Talk about a tall sustainability challenge: transport millions of people around the world by air, while trying to get to net zero carbon emissions by 2050. Oh, and 98 percent of your carbon emissions come from burning jet fuel.
That was the task that Amelia DeLuca took on this past March, when she was named Managing Director for Sustainability at Atlanta-based Delta Airlines. (DeLuca was previously a Managing Director for Global Sales Support at the airline, which she joined in 2006.)
DeLuca was part of a Delta delegation that participated in the United Nations Climate Change Conference in Glasgow earlier this month. We sat down with her for an in-depth interview at the MIT Research and Development Conference, where she was among the speakers. Among the topics we covered: electric airplanes, carbon offsets, biofuels, and communicating sustainability objectives to employees and customers.
You came out of the world of sales. Tell us about how you wound up in a sustainability role.
It’s the most frequently-asked question I get. Getting things done within the airline — it’s probably not surprising, but it’s super beneficial to be well-connected. So if you take away the specific functions I’ve done in my career, almost my entire career has been built upon cross-divisional building and transformation. When I was based over in Amsterdam, that was the merger with Northwest, and we also brought on Air France and KLM [as partners] at the time. I was in New York when Delta was building up to its #1 position in New York. I was the first expat who went down to Mexico as part of our relationship with Aeroméxico.
Being able to pull together a group of people behind a shared purpose — when it comes to sustainability, that’s exactly what you’re doing. Because it’s not any one department that owns it. My team is relatively small, but then we surround ourselves with a whole lot of people throughout the company.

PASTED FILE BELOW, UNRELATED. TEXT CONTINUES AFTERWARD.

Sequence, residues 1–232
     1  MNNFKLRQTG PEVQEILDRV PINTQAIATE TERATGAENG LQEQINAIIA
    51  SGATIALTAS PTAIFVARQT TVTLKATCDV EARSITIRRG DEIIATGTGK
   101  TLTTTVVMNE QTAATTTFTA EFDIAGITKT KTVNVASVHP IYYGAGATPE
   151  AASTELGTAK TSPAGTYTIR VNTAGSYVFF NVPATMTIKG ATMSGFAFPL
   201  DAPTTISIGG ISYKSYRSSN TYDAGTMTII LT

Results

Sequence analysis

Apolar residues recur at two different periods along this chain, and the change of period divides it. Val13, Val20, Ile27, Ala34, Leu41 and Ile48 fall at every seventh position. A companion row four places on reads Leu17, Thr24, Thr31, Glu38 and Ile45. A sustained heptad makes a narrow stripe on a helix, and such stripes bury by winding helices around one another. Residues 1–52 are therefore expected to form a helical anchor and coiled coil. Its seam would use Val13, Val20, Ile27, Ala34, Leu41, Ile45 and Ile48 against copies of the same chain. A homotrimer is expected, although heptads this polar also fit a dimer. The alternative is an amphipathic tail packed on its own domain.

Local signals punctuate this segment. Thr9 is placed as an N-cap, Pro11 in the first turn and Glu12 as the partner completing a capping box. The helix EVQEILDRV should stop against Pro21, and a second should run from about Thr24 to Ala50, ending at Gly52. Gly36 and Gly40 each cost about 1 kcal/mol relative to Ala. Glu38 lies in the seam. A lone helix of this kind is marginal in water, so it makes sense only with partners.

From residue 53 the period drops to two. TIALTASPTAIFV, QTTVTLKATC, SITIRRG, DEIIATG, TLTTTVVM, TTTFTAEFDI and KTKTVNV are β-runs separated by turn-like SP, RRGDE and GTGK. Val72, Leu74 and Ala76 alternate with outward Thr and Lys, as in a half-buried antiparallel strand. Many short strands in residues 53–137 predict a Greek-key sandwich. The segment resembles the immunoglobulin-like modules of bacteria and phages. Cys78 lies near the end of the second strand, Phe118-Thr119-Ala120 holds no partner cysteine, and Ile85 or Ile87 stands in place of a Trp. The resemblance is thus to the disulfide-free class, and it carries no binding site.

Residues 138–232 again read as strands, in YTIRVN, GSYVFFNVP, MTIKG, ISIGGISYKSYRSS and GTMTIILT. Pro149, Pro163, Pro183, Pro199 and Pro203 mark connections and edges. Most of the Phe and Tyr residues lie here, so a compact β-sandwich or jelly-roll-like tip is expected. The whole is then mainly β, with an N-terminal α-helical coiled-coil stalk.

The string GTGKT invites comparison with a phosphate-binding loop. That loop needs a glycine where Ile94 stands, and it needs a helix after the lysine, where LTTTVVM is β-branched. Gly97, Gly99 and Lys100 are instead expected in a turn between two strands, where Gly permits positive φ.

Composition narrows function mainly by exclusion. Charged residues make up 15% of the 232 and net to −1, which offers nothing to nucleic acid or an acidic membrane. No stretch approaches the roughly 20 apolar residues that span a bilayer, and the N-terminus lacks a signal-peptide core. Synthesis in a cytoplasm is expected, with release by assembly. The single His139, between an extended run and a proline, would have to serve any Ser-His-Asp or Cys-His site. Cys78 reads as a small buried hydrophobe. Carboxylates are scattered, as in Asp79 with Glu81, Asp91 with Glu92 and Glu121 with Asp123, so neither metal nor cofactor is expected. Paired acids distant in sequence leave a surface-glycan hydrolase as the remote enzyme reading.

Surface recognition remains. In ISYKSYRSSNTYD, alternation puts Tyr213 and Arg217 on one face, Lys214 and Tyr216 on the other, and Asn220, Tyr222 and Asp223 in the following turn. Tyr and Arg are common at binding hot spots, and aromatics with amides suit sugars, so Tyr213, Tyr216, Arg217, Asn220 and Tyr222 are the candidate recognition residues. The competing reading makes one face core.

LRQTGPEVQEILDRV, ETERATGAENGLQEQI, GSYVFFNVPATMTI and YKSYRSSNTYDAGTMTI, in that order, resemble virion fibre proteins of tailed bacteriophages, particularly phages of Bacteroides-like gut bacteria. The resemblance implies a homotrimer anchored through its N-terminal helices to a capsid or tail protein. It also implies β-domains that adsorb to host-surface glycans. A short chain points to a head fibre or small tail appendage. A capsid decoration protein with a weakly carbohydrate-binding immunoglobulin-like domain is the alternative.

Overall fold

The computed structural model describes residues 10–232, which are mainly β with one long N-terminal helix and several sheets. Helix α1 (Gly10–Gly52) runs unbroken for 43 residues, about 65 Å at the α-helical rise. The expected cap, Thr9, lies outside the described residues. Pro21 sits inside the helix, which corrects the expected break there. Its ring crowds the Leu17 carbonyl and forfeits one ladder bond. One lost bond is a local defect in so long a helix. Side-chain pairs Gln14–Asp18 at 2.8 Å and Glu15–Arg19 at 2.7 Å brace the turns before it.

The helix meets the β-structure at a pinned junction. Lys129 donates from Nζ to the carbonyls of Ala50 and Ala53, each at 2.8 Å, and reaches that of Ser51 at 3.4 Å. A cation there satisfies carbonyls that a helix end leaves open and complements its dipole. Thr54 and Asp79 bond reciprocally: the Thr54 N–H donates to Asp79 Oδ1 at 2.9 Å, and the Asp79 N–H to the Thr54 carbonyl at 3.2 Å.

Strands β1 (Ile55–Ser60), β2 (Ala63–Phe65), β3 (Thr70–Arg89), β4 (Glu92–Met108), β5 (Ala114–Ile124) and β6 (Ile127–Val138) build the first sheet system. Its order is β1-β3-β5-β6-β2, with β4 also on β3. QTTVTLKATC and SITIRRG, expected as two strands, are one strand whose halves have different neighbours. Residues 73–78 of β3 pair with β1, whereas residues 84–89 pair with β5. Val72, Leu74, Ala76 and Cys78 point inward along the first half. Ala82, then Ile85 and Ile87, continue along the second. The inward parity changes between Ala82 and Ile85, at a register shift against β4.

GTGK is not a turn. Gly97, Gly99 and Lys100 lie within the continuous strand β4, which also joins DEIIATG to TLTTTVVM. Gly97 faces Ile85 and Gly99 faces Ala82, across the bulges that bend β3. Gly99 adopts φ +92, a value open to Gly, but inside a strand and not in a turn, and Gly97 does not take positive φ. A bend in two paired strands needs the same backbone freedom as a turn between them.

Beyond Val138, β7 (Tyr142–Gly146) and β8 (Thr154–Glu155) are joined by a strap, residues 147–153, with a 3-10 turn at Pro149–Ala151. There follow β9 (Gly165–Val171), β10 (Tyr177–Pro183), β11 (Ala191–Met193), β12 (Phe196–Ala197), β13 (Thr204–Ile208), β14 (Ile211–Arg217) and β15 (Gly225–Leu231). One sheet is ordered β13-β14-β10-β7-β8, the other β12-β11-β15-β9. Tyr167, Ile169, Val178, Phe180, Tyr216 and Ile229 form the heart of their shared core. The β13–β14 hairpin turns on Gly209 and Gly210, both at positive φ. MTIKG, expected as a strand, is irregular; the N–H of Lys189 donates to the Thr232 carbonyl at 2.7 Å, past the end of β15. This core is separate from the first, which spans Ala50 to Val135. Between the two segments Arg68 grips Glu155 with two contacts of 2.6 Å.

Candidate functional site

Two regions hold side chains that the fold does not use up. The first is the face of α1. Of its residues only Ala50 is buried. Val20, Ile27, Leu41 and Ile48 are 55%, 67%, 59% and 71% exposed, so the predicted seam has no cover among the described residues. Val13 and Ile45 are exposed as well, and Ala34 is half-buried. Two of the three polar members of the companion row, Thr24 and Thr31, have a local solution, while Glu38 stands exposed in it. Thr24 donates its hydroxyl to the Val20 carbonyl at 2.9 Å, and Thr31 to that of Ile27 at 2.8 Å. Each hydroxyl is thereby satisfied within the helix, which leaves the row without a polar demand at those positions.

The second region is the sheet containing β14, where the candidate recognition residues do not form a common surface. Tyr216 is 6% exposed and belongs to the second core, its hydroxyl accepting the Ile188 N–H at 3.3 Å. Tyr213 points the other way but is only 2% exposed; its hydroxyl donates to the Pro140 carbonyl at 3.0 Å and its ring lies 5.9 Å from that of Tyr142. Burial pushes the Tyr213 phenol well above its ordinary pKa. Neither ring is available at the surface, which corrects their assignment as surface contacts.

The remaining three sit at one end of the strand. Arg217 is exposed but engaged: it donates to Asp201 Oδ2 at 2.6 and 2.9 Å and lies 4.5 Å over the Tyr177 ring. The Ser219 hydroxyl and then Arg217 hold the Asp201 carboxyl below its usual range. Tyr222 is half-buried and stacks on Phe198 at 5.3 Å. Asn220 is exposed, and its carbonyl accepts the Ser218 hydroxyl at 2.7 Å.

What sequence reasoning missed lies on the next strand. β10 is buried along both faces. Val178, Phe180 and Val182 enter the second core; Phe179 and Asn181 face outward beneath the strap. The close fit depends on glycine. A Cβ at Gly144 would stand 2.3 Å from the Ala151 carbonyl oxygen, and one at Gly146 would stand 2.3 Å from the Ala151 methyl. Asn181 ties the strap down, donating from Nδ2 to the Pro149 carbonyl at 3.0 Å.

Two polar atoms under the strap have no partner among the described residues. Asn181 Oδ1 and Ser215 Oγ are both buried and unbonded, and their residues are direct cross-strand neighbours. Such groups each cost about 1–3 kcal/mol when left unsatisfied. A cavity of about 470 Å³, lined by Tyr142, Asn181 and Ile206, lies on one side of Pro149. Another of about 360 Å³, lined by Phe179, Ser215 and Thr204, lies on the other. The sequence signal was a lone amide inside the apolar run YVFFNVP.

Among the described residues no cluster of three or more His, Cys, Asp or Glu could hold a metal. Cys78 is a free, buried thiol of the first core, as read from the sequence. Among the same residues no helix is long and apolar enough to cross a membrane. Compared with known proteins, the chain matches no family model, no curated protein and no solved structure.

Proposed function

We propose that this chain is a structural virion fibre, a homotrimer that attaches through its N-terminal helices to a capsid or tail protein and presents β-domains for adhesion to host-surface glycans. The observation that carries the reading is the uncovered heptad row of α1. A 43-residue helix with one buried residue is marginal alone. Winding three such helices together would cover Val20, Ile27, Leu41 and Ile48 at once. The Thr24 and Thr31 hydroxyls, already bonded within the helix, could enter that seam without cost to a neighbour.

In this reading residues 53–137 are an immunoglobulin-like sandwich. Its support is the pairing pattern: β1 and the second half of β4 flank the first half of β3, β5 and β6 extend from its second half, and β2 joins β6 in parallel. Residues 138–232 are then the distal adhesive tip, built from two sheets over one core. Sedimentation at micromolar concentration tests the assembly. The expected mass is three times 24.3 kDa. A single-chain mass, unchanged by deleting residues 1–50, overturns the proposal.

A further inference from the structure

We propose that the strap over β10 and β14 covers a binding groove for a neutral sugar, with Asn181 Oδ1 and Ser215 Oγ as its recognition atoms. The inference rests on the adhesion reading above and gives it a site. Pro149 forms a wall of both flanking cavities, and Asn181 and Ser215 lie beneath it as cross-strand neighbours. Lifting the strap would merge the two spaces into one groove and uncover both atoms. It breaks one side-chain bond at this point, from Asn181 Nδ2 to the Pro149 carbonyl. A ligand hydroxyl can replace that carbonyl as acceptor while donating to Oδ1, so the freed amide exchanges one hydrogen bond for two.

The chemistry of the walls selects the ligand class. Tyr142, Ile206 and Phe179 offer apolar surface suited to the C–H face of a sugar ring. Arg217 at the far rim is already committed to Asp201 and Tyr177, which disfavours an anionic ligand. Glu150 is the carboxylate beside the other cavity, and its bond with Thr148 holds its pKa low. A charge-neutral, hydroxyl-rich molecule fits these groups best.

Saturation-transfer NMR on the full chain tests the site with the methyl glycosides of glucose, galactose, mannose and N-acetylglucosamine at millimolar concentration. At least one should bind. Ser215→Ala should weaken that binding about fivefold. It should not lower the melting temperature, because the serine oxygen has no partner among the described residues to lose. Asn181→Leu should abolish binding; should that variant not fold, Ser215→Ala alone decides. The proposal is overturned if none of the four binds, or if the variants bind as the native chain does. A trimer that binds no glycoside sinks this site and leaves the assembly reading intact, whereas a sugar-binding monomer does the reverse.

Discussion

Defining the goal of net zero carbon emissions — how did that come together? I don’t imagine it was the kind of thing where your CEO said “Hey, this is going to be our goal, go work on it.”
I think the nice thing about it is actually, from our CEO’s perspective, he’s all-in with the direction that we want to go. He has a lot of trust that where we need to go, even if it involves some stretch or some unknown of how we’re going to get there, he’s like, “Yeah, let’s figure it out.”
And so net zero in 2050 was something that had come about in the spring [of 2021], when our trade association went out with a net-zero goal.
What organization is that?
It’s called Airlines for America. Delta does some amazing work on our own, but we as an industry will either all make it, or we will all not make it. So we make sure we’re very aligned with the other airlines, in terms of ambitions, because if one airline is trailing, it kind of makes the whole rest of the industry questionable at best, right? You look at the oil and gas industry, you can see those that have trailed, and for better or worse, that puts a whole cloud over the industry.
There’s always a two-step process: there’s the ambition, and then there’s putting the plan behind it.